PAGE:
I think this officially marks the beginning of my less popular destinations. At least, Amsterdam, Berlin, and Vienna are better known than Bratislava and most cities I’ll be visiting for the next little while. I’ve really enjoyed the change of atmosphere since Bratislava though, especially when it comes to prices. There has been an abundance of amazing things to see and experience since leaving Western Europe. Bratislava is only an hour train ride from Vienna, and I arrived in a blizzard.
I took it as Canada telling me that I can never escape winter, even if it’s April and Slovakia.
It only lasted a day and it was soon sunny and warm. I think I experienced all of Slovakia’s seasons in 4 days.
I soon found my way to an excellent coffee shop with its own in house roaster. To those of you who remember the smell in Merrickville when my mom was roasting coffee, you’ll understand how I was drawnin.
I just had to pick a country and soon a double espresso would arrive.
Having established that good coffee exists in Bratislava, I was looking forward to seeing more of the city.
I walked down this street every day, with the castle just visible in the distance.
While exploring Bratislava, I kept arriving at this church.
Everytime that church thought it knew which way I was coming I’d surprise it.
I didn’t realise it when I got to the Czech Republic, but it was the first Slavic country I’d encountered. There are currently three geographical classifications of Slavic people: Western Slavs (Poland, Czechia, and Slovakia), Eastern Slavs (Russia, Ukraine, Belarus), and then the Southern Slavs which are the former Yugoslav countries and Bulgaria. The Eastern and Western Slavs are separated from the Southern by Austria, Hungary, and Romania.
I started my exploring at Michalská Brána (Michael’s Gate) which is a medieval gate to the old city.
Underneath was an indicator of the distances to other cities.
I’m going to use my deduction skills to conclude that it’s slightly newer than medieval due to the presence of Toronto.
I was just glad a Canadian city made the list.
Slovakia and the Czech Republic used to be Czechoslovakia until the non-violent split in the “Velvet Revolution” of 1989.
The city centre is a beautiful pedestrian zone with churches and palaces.
I really liked the designs on the roofs of some buildings.
The former location of one of Bratislava’s old gates is marked by a suspended portcullis with the city’s coat of arms.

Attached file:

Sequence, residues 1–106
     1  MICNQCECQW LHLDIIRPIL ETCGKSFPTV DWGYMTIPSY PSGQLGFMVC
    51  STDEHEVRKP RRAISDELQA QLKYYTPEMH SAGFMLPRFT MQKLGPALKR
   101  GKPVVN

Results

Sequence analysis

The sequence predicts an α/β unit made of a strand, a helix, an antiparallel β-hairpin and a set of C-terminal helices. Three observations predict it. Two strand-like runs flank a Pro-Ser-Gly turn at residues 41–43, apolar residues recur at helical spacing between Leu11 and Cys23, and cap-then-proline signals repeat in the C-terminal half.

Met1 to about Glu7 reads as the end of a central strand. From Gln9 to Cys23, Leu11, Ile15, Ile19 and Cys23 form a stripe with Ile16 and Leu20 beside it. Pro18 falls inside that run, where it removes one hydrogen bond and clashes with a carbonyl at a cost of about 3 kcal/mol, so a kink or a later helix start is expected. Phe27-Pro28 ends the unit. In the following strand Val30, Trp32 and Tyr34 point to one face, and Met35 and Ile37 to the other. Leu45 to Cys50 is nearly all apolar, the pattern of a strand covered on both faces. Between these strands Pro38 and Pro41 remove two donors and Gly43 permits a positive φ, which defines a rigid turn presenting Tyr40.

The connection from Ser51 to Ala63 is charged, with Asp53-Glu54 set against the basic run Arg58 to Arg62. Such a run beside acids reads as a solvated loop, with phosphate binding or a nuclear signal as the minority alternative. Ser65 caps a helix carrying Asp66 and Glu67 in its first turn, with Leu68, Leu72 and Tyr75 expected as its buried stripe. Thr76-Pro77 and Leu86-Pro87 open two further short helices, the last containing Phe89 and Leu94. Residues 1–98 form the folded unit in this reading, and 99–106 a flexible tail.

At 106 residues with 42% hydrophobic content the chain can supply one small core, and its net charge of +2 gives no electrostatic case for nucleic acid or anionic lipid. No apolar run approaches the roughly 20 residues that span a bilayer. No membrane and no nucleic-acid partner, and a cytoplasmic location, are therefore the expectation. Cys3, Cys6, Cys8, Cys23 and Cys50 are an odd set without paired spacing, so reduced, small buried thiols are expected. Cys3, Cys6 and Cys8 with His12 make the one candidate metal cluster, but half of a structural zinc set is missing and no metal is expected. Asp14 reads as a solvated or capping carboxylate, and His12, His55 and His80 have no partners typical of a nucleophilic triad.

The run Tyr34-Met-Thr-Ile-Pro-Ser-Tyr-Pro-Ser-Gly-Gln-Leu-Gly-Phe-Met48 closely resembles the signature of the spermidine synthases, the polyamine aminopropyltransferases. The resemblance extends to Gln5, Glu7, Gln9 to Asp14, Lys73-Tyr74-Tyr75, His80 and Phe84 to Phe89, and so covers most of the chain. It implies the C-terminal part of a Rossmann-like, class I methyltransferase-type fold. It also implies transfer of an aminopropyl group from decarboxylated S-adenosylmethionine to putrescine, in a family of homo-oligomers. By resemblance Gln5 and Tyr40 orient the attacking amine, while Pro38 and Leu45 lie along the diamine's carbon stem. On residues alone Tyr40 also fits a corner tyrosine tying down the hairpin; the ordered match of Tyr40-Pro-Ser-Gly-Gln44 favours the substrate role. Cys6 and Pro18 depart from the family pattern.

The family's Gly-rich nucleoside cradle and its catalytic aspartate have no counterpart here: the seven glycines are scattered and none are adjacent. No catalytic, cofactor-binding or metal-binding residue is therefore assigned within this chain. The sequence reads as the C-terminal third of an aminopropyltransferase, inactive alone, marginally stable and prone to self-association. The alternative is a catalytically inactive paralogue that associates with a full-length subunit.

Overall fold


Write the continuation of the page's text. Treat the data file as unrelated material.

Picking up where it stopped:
At some point of course I would have to make my way to the castle. I first passed by St. Martin’s Cathedral, which was the coronation church for the kingdom of Hungary.
Then passing under the highway, I saw the UFO restaurant above the bridge.
And now, inevitably, the journey up.
I arrived at the Sigismund Gate.
There was a tour on my heels, so instead of going through the gate I went right to escape.
Proof of Owen in Bratislava.
Eventually I got myself away from looking out over the city and into the castle.
This is the first I’ve seen of this style of castle and I really liked it. I started with the gardens.
The castle has an interesting history. It has been inhabited since the Stone Age.
It is one of the few castles to have withstood the Mongol invasion.
At one point it was the seat of the Hungarian monarchs.
The castle burnt down and reconstruction began in 1953.
The inner courtyard wasn’t too exciting.
After the castle I went in search of Slovakian food. There was one dish I was told to try called “Bryndzové Halušky.” Mostly sheep’s cheese and potato dough, it was definitely something new, and I liked it! I found it at the Slovak Pub.
Bratislava has beautiful parts like the castle, as well as some not as kept up places like the Fountain of Union.
I suppose it’s just a Statue of Union now, but I liked it anyways.
On my last day I walked by the Grassalkovich Palace, which is the residence of the president of Slovakia.
The last location on my to do list required much hill climbing, as always.
Looking at how the road abruptly slants up made me consider choosing Saskatchewan as my next destination.
There’s always the view though.
Overlooking the city, and even the castle, is the Slavín War Memorial, which is a memorial to the Soviet soldiers who gave their lives in WW2.
The statue on top is a Soviet soldier crushing a swastika underfoot.
Walking back down was a peaceful way to end my time in Slovakia.